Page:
Lecturer in Discipline
Spring 2019: Thursday 3-5 PM
Ph.D. – History and Sociology of Science, University of Pennsylvania, 2016
B.A. – History, Duke University, 2007
Whitney Laemmli specializes in the history of modern science and technology with particular focuses on the body, information and media, and work and capitalism. She has received fellowships from the Mellon/ACLS Foundation, the Max Planck Institute for the History of Science, and the Social Science Research Council, and is currently a fellow in Columbia’s Society of Fellows in the Humanities. Laemmli is completing a book manuscript titled, Measured Movements: The Human Body and the Choreography of Everyday Life, which explores how a technology designed to record movement in dance became a tool for managing social, cultural, and economic life in the United States and United Kingdom in the years following World War II.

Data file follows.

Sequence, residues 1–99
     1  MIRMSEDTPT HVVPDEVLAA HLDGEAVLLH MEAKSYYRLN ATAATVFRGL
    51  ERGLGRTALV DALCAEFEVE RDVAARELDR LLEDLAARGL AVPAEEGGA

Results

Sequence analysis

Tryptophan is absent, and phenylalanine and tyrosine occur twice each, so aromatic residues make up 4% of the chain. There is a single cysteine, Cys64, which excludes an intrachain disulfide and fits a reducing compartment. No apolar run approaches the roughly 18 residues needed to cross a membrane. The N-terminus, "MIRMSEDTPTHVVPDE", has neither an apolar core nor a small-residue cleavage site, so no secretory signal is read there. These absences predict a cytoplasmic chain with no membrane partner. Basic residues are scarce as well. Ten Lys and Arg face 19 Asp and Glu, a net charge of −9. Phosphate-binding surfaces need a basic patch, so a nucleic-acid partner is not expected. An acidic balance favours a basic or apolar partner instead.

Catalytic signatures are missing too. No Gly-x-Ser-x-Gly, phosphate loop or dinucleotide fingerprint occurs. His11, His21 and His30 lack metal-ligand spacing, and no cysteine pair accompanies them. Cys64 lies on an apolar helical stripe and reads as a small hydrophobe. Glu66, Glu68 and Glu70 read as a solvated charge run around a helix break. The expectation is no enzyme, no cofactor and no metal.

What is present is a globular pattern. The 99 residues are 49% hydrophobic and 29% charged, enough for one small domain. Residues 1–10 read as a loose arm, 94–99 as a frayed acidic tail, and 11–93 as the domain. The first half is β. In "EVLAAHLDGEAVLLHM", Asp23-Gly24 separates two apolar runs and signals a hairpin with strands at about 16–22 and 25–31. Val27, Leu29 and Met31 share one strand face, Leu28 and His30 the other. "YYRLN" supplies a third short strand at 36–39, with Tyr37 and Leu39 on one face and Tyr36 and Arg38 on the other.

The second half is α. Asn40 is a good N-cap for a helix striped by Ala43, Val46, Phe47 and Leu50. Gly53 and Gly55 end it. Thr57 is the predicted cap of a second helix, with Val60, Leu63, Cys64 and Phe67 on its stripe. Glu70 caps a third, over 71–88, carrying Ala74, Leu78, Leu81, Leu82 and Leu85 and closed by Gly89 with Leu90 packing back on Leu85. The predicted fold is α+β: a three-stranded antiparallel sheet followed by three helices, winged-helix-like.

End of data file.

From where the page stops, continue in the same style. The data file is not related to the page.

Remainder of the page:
“The Living Record: Alan Lomax and the World Archive of Movement (1965–1985),” in History of the Human Sciences, Special Issue on “The Total Archive” (forthcoming).
“Paper Dances: Captured Movement, Frozen Time, and the Science of Art in Twentieth Century America.” Information and Culture 52, no. 1 (January 2017): 1-30.
“Half a Man: The Symbolism and Science of Paraplegic Impotence in World War II America.” Osiris 30, “Scientific Masculinities,” ed. Robert A. Nye and Erika Lorraine Milam (October 2015): 228-249. With Beth Linker.
“A Case in Pointe: Romance and Regimentation at the New York City Ballet,” Technology and Culture 56, no. 1 (January 2015): 1–27.